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Cisco and Microsoft: Clash of the UC Titans

Who's on top in the red-hot unified communications (UC) segment? That depends on how you define "top."

According to market watcher Infonetics Research, both Cisco Systems Inc. and Microsoft Corp. are tops, overall, in the UC space, with Avaya and Nortel also coming on strong. In fact, buyers say that Cisco and Microsoft are their preferred Unified Messaging and Communicator suppliers.

But the struggle is just beginning, Infonetics said, and no single vendor has an ineradicable purchase on UC market leadership.

More to the point, Infonetics said, UC leadership could hinge on which vendor's vision of next-gen unified communications ultimately wins out.

"It's no secret that Microsoft is predicting the death of the PBX, to be replaced by a software-based communication approach like OCS 2007, but we didn't find many people convinced that this is yet the way to go," said Matthias Machowinski, directing analyst for enterprise voice and data at Infonetics, in a statement. "What we're seeing instead is companies keeping their IP PBXs, and layering unified communications applications on top."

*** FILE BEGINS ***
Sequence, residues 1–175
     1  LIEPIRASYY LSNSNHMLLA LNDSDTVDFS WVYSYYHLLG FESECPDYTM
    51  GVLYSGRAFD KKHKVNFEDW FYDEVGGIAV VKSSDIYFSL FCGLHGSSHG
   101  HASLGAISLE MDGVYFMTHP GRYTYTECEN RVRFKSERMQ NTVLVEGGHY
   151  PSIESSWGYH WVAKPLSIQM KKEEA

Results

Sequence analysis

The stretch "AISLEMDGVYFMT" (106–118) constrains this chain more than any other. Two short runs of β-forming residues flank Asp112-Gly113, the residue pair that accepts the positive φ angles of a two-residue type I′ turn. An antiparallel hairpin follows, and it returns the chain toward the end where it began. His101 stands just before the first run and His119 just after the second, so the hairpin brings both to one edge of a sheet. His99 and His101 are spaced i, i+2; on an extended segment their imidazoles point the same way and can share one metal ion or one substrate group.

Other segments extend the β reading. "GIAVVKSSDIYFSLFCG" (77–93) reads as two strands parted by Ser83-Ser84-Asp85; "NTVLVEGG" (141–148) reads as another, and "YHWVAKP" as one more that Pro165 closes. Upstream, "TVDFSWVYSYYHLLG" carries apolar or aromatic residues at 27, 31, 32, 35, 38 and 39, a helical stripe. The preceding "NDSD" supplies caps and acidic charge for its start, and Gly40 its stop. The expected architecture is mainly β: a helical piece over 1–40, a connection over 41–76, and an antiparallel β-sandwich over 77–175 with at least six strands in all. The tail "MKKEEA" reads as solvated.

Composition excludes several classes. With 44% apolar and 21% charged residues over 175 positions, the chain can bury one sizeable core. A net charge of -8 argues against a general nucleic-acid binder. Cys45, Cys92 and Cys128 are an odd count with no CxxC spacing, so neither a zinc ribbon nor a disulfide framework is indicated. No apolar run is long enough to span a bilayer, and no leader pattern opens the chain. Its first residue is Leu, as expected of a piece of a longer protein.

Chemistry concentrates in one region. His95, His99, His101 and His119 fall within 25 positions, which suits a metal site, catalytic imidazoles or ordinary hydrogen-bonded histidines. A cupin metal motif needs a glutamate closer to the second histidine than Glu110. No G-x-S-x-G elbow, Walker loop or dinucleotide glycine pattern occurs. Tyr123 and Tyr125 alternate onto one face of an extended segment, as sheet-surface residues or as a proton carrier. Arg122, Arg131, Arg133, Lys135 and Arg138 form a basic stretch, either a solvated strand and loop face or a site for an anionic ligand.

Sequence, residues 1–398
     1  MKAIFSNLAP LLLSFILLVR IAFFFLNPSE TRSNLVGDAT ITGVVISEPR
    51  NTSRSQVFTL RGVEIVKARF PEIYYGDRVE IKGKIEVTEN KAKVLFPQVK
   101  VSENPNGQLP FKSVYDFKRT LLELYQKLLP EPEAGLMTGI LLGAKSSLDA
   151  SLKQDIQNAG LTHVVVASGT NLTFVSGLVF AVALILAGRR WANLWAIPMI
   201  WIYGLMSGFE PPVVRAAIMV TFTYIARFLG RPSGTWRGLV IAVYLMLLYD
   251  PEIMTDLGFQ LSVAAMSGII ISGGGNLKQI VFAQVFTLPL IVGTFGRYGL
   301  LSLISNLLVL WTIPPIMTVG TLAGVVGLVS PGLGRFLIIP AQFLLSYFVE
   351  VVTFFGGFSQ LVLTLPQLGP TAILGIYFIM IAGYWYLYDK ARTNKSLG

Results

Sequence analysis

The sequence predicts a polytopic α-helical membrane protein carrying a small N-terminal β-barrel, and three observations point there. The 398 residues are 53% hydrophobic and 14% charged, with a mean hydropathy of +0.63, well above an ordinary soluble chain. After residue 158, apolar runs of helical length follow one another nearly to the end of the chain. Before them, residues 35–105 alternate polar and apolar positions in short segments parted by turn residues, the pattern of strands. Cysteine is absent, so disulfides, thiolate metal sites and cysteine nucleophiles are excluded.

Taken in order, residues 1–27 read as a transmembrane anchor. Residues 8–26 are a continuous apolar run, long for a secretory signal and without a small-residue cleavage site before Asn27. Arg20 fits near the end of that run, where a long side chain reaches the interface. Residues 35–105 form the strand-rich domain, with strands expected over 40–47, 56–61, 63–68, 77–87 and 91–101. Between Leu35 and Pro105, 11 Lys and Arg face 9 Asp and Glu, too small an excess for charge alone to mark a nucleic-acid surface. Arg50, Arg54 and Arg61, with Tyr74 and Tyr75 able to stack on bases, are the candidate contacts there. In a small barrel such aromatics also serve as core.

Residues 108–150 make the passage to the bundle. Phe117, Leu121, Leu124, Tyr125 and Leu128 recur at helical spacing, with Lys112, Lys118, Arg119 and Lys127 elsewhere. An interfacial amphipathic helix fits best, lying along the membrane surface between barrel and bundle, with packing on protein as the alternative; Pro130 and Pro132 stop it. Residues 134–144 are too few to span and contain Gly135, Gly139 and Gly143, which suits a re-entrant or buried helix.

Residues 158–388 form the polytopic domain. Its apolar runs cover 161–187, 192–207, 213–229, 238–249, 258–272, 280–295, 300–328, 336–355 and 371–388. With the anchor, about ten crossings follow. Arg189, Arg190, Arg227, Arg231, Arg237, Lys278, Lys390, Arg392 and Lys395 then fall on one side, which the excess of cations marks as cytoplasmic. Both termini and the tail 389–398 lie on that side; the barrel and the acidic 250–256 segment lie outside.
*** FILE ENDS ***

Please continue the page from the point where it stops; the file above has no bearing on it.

Microsoft isn't putting all of its eggs in one basket, of course. "Microsoft is seeing early success by leveraging their leadership in e-mail messaging and desktop environments," Machowinski said. "The incumbent IP telephony players are also faring well," he continued, stressing that the competitive outlook in the still-gestating UC landscape remains fluid.

"There are still opportunities ahead for vendors looking to get into or ahead in the unified communications market, because many buyers don't yet know who they will be buying from two years from now," Machowinski said.

Infonetics recently asked survey respondents to rate a quintet of UC vendors -- Avaya, Cisco, IBM, Microsoft and Nortel -- on a range of issues, including reliability, value, innovation, pricing and features. No single vendor came out on top, according to Infonetics; while Cisco's solution earned high marks for reliability and low marks for pricing, Microsoft's received poor ratings for reliability and high ratings for financial stability. And no one fared well on the interoperability front.

About the Author

Stephen Swoyer is a Nashville, TN-based freelance journalist who writes about technology.

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